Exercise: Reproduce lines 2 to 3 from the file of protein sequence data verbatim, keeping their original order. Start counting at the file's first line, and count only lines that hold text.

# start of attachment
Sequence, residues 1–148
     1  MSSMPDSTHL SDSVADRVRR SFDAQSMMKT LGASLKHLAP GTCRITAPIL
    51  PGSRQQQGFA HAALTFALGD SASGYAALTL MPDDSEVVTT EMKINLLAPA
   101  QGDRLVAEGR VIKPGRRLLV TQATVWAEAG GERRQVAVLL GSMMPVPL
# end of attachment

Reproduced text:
     1  MSSMPDSTHL SDSVADRVRR SFDAQSMMKT LGASLKHLAP GTCRITAPIL
    51  PGSRQQQGFA HAALTFALGD SASGYAALTL MPDDSEVVTT EMKINLLAPA